The relationship between the European Union and Turkey has been very productive for decades, from trade to NATO. However, relations have recently cooled down as a result of several anti-democratic episodes in the country, such as the closure of the media and the imprisonment of journalists.
The European Parliament and the MEPs look at developments in the Turkish situation and ask if it is not the case to re-evaluate relations with the country.
After the referendum in Turkey of April 16, 2017, which gives the president additional powers, with the risk of compromising political balance in the country, the situation has further undergone a collapse.
Turkey has been a member of the European Economic Community since 1963 and has applied to join the Union in 1987. However, official recognition as a candidate for accession was more than ten years in 1999, while negotiations started in 2005 .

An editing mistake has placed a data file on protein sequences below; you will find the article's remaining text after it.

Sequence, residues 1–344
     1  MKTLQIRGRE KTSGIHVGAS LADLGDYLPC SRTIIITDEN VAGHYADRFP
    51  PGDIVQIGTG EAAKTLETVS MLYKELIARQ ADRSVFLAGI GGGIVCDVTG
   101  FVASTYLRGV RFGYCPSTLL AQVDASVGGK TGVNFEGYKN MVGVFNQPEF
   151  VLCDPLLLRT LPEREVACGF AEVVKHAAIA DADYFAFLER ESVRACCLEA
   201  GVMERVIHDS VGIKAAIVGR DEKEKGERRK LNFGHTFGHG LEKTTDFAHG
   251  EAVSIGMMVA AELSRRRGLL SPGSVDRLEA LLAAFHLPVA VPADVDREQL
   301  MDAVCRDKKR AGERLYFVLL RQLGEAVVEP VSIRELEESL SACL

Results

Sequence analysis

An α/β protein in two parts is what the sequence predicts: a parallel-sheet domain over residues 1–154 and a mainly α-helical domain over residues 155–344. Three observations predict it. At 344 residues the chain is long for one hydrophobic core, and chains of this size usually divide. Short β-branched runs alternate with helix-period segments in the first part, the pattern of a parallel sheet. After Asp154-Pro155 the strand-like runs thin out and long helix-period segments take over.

To date only 16 of the 35 chapters have been opened and only one has been closed.
In November 2016, the MEPs adopted a resolution requesting that the negotiations be temporarily suspended until the persecution of the repression in Turkey.
The President of the European Parliament, Antonio Tajani, said in a debate this Wednesday on the situation in Turkey that “the European Union does not intend to close the door to the Turkish people who remain our friend.” At the same time, one cannot look elsewhere when events take a turn in disagreement with the principles of European Building. “Freedom of expression, freedom of expression, are fundamental rights for anyone who wants to join the European Union and the death penalty, likewise, is a red inexorable line.”
Some MEPs have proposed to adopt an even tougher line. “Turkey is going in the wrong direction. It is time to review our report. Because membership of the Union for Turkey is no longer realistic. We must end all forms of hypocrisy,” said German MEP Manfred Weber (EPP). Even English MEP Syed Kamall (ECR) has expressed his opinion: “We must be honest with Turkey that could never become a Member State of the Union.”
Parliament's rapporteur on Turkey's accession to membership, Kati Piri (S & D, Netherlands), instead opposed the formal closing of the negotiations: “There are millions of people in Turkey who share the same European values. Millions of people who want it The Union remains anchor for reforms in their country.”